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Namibian power amongst most expensive in SADC

Mon, 17 October 2016 16:31
by Tiri Masawi
News Flash

Namibians are exposed to the second highest electricity tariffs in the 15-member Southern African Development Community (SADC) after Tanzania thanks to the country’s cost reflective pricing model.
The current pricing regime has resulted in only one producer, the state-owned Namibian Power Corporation (NamPower) dominating power generation in the country while Independent Power Producers (IPPs) struggle to make ends meet.
Cost reflective tariff model allows for electricity suppliers to factor in cost of production and a profit margin while charging the end user, who is the consumer.
Cost recovery tariffs, on the other hand, are more subsidised by Government and only allows the producer to recover their production cost without necessarily passing on cost to the end user.
 The high tariffs that Namibians have to stomach despite the gruelling financial challenges faced on a daily basis to sustain a basic living are revealed in the  latest statistical bulletin released by the power regulator, the Electricity Control Board (ECB), themed: ‘Security of electricity supply in Namibia’.
“… Namibia and Tanzania have the highest tariff levels of about US16 cents per kWh, while the rest of the member countries are below US10 cents per kWh. Namibia and Tanzania are the only countries reported to the cost reflective while the other member countries are still committed in maintaining their efforts to implement cost-recovery tariffs. Cost reflective tariffs may be seen by others as expensive tariffs, but these tariffs are important in ensuring long term long term viability for the sector…,” the bulletin noted in part.
Ironically, while the move puts Namibian consumers under severe pressure it is summed up to be as a result of the fact that the country imports more than 60% of its power from other producing countries, having failed to boost domestic production in tandem with consumption since independence.
The tariff breakdown was compiled last year.
 Arguments raised for the Namibian pricing model say the high tariffs benchmarked on cost reflectivity are more sustainable for the power sector which is vital for the economy to survive and also allows independent power producers to play a part in the sector profitably.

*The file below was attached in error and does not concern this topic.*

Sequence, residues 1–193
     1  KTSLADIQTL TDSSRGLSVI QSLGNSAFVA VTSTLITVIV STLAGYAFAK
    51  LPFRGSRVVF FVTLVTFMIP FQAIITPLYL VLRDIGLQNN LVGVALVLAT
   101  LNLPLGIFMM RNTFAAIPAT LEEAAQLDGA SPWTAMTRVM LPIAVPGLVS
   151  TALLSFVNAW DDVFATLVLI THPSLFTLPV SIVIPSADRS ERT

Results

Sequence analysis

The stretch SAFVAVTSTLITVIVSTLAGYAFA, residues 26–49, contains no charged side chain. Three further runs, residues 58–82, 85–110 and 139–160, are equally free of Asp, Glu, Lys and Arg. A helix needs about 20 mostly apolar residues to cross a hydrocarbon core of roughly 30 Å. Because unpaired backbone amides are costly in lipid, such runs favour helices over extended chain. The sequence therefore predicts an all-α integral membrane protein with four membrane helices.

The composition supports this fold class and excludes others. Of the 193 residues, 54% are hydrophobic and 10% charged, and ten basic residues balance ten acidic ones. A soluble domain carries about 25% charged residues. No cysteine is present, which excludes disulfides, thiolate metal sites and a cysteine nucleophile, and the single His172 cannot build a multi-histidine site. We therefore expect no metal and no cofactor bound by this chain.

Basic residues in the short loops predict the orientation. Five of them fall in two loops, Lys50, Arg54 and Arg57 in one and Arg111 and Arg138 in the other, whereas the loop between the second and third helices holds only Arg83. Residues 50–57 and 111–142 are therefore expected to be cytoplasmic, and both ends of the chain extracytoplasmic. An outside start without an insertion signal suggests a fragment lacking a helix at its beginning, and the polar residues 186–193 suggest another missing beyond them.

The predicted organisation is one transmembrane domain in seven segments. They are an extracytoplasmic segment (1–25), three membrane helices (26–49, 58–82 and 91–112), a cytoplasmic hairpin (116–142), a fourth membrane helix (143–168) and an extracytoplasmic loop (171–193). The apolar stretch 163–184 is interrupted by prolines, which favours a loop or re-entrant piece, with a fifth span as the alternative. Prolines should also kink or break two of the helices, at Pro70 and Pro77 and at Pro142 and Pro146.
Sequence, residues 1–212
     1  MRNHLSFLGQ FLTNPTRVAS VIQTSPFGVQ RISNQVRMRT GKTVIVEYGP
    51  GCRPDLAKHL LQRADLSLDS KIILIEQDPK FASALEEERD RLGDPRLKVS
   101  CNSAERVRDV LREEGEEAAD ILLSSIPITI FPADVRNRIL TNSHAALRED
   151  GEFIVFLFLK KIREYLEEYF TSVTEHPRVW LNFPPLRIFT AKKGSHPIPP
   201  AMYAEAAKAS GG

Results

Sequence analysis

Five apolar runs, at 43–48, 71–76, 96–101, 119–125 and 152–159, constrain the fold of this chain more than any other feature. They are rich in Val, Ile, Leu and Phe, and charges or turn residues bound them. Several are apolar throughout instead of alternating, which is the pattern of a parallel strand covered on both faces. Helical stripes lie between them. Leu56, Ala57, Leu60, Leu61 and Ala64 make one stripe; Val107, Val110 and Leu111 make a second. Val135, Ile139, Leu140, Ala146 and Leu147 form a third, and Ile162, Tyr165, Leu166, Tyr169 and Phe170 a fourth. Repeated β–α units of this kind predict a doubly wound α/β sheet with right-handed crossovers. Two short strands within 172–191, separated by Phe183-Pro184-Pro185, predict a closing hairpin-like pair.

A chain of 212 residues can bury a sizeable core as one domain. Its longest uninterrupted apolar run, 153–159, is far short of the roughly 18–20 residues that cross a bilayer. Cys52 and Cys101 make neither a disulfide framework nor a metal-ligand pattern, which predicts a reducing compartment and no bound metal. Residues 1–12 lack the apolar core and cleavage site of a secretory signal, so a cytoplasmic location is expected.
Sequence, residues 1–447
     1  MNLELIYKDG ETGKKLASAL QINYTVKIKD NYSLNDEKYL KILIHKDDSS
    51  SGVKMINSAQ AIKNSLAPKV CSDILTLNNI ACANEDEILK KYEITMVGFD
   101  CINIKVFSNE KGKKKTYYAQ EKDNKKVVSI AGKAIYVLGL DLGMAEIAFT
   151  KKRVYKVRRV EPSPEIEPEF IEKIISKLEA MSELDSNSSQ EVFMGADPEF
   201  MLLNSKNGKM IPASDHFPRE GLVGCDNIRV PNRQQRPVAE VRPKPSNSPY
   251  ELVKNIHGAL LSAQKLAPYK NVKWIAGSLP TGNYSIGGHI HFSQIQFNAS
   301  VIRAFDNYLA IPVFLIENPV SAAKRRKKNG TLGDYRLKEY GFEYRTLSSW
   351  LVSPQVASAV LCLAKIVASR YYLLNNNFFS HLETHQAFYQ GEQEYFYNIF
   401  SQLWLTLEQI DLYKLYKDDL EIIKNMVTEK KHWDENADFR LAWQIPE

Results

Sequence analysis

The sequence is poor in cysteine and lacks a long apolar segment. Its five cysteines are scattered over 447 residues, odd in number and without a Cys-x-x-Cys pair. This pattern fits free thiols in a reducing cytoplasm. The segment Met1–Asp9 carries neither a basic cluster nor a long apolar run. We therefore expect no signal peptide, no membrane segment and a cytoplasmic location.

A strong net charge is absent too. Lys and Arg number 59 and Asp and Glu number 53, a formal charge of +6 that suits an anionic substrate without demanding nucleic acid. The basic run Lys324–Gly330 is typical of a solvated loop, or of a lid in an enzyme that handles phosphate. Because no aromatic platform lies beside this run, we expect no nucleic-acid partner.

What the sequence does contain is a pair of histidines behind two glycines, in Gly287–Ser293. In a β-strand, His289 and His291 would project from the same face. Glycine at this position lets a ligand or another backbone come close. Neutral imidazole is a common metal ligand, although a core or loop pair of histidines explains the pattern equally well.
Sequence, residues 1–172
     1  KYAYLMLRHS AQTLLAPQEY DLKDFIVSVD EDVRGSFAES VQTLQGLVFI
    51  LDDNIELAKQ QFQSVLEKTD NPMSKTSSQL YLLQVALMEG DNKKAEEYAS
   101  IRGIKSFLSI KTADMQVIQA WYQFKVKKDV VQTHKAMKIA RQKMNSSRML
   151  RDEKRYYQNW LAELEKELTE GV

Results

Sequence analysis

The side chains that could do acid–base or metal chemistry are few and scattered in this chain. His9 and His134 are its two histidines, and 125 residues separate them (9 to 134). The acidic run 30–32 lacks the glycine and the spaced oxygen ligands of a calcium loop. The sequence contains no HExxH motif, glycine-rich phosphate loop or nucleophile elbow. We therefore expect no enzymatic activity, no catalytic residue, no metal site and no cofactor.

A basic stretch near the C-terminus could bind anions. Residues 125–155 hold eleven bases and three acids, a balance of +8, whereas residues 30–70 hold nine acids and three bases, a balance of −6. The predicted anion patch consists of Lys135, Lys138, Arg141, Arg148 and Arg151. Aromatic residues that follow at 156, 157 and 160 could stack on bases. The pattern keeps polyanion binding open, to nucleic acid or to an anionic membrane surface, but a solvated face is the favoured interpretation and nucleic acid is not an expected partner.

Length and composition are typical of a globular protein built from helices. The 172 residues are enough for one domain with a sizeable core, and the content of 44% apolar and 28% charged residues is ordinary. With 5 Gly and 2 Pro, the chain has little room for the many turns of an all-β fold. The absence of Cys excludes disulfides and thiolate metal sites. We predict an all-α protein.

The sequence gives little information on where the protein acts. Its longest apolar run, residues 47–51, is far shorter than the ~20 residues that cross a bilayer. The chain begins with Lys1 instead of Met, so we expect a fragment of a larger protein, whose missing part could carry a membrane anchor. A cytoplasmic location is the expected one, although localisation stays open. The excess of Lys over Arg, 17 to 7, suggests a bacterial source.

While on average consumers both commercial and none-commercial in Angola, Zimbabwe Zambia, Lesotho, South Africa, Malawi fork out between US2 cents (approximately N30 cents) and US10cents (approximately N160 cents) per kilowatt at the current exchange rate, the story is very different in Namibia where consumers have to part with an average of US16cents (approximately N256 cents) per kilowatt.
The country has also been constantly increasing power tariffs in the past three years resulting in some Namibians in the low end of society struggling to acquire power for use at domestic level.
According to the bulletin Namibia has also experienced a gradual increase in power consumption in the past few years. While a reason is not necessarily given in the bulletin, the power increase could easily be traced to the growth in the extractive sector, especially the uranium producing industry, which has since recorded new entrants in the past three to four years.
“The Namibian electricity consumption per capita has been increasing slowly since 2006. The Namibian consumption per capita for 2015 stands at slightly below 1 400 kWh per capita. Domestic consumers in Namibia are the highest. This shows that most of the electrification efforts are geared towards electrifying the households. This is the only customer category that has recorded an increase with over 7000 households more during the period 2014 to 2015…,” noted the bulletin in part.
Namibia is currently pursuing different options to avert potential power shortages in the future. Some of the projects pursued by the Government include possible erecting the Kudu Gas project and a controversial 250 megawatt power plant.